2. If parents are going to continue to follow current schedules or cannot agree to alter the current custody arrangement, parents should discuss precautions each will take to protect the child from potential exposure to the virus. If either parent or another household member is exposed to COVID-19 or begins showing symptoms of COVID-19, the child’s exposure to that person should be limited.
  3. If your child begins to experience symptoms of COVID-19, both parents should be informed of any doctor’s appointments that are scheduled or any testing that is conducted and each person who has been around the child in the last fourteen days should seek medical advice from a medical professional regarding whether or not he or she should be tested.
  4. If your child is hospitalized for any reason, COVID-19-related or not, both parents should be listed as emergency contacts for the child at the hospital. Current restrictions may prevent either or both parents from being able to be present with the child at the hospital. Can you imagine how terrifying it would be to not only not be able to see your child in the hospital but to also be unable to receive any information from hospital staff?  You would not want to be the parent who is left out; so, don’t leave the other parent out either.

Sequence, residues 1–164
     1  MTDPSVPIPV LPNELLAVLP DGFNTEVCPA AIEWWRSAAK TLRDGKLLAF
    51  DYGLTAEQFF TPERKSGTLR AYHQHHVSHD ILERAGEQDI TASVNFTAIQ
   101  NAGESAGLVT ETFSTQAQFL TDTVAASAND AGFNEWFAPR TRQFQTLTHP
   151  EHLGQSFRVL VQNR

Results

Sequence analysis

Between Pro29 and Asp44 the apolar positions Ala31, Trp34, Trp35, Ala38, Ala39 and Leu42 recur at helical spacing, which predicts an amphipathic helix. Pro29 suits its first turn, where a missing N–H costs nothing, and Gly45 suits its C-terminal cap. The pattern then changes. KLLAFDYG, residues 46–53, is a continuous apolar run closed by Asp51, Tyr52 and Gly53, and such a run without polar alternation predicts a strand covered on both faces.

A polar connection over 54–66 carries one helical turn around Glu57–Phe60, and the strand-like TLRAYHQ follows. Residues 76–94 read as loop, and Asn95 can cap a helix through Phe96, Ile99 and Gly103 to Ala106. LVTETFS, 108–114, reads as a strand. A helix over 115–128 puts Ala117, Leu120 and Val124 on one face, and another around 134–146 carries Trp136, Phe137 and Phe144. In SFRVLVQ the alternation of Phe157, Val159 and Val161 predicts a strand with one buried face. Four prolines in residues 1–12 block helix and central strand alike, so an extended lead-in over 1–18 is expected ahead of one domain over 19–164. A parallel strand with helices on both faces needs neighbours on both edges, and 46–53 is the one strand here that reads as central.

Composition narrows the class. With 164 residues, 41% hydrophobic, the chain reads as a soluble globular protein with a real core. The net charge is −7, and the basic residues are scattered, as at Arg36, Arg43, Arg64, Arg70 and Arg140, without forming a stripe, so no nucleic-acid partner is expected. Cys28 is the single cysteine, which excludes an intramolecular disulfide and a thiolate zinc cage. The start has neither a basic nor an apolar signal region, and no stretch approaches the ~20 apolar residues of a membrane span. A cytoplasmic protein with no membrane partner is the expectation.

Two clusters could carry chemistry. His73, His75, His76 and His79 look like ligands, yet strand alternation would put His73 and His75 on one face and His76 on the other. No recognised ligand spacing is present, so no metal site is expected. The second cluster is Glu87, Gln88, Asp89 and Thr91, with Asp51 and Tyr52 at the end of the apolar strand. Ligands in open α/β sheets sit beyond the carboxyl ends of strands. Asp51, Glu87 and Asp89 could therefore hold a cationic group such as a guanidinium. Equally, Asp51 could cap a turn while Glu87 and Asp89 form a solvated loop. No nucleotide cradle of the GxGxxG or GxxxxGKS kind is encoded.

5. Consider not exchanging clothes, backpacks, toys, or other items during this time in order to reduce the likelihood of exposure. Again, if your order requires the exchange of such items, make sure you and the other parent have a mutual agreement to limit these exchanges during the pandemic.
  6. Keep open lines of communication between you and your child’s other parent. While this should be a “no-brainer” all the time, it is often the exception rather than the rule.  During situations like this, it is even more important that both parents have calm and rational discussions with each other regarding the care and upbringing of their children.